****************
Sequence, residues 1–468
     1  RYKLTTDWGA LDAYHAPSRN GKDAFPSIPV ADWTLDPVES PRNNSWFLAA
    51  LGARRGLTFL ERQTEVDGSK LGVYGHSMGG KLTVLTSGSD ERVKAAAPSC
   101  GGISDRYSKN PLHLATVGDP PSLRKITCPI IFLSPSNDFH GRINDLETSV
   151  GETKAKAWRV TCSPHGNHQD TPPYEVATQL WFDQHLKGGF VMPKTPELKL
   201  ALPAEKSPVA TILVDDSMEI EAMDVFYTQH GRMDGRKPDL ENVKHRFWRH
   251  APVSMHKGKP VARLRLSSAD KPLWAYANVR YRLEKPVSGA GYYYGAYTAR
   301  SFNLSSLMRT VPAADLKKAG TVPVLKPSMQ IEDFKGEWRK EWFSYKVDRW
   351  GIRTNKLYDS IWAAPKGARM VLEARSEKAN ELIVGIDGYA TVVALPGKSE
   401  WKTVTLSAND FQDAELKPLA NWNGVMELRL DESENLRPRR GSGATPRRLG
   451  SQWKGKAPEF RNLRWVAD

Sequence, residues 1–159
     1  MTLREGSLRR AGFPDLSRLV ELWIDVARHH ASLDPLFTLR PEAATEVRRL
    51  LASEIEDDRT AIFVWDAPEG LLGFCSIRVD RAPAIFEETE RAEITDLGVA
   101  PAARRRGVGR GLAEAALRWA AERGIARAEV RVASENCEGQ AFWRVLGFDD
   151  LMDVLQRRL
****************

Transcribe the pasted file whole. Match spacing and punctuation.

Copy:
Sequence, residues 1–468
     1  RYKLTTDWGA LDAYHAPSRN GKDAFPSIPV ADWTLDPVES PRNNSWFLAA
    51  LGARRGLTFL ERQTEVDGSK LGVYGHSMGG KLTVLTSGSD ERVKAAAPSC
   101  GGISDRYSKN PLHLATVGDP PSLRKITCPI IFLSPSNDFH GRINDLETSV
   151  GETKAKAWRV TCSPHGNHQD TPPYEVATQL WFDQHLKGGF VMPKTPELKL
   201  ALPAEKSPVA TILVDDSMEI EAMDVFYTQH GRMDGRKPDL ENVKHRFWRH
   251  APVSMHKGKP VARLRLSSAD KPLWAYANVR YRLEKPVSGA GYYYGAYTAR
   301  SFNLSSLMRT VPAADLKKAG TVPVLKPSMQ IEDFKGEWRK EWFSYKVDRW
   351  GIRTNKLYDS IWAAPKGARM VLEARSEKAN ELIVGIDGYA TVVALPGKSE
   401  WKTVTLSAND FQDAELKPLA NWNGVMELRL DESENLRPRR GSGATPRRLG
   451  SQWKGKAPEF RNLRWVAD

Sequence, residues 1–159
     1  MTLREGSLRR AGFPDLSRLV ELWIDVARHH ASLDPLFTLR PEAATEVRRL
    51  LASEIEDDRT AIFVWDAPEG LLGFCSIRVD RAPAIFEETE RAEITDLGVA
   101  PAARRRGVGR GLAEAALRWA AERGIARAEV RVASENCEGQ AFWRVLGFDD
   151  LMDVLQRRL